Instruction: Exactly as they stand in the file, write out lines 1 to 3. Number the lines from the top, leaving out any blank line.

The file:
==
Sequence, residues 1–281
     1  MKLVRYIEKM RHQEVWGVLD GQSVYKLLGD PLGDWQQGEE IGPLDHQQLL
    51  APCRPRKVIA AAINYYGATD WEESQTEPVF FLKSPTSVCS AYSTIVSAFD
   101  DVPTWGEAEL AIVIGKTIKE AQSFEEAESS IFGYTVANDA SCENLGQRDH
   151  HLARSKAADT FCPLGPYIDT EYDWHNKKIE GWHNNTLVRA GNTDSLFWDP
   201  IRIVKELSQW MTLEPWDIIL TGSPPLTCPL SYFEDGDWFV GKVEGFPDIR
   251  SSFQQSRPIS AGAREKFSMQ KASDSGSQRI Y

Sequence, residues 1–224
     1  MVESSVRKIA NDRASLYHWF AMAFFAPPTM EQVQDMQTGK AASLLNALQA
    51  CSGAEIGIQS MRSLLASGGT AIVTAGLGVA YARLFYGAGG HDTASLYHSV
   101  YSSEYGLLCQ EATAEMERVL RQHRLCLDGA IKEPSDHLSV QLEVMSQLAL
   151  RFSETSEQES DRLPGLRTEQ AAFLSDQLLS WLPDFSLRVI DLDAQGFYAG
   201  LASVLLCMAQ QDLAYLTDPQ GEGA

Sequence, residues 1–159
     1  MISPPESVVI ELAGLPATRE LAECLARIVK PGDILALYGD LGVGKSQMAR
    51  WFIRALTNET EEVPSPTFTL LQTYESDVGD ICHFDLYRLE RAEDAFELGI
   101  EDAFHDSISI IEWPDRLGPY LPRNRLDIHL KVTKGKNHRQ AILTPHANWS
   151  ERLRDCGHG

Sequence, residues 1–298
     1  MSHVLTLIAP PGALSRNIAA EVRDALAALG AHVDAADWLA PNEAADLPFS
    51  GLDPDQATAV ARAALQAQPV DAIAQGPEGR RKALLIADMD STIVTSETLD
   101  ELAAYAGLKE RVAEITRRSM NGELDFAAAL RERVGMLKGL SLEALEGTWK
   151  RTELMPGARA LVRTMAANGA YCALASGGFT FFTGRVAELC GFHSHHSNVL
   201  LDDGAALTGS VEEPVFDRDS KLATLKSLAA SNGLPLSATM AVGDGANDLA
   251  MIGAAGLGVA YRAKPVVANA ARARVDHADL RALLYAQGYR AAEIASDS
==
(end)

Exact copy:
Sequence, residues 1–281
     1  MKLVRYIEKM RHQEVWGVLD GQSVYKLLGD PLGDWQQGEE IGPLDHQQLL
    51  APCRPRKVIA AAINYYGATD WEESQTEPVF FLKSPTSVCS AYSTIVSAFD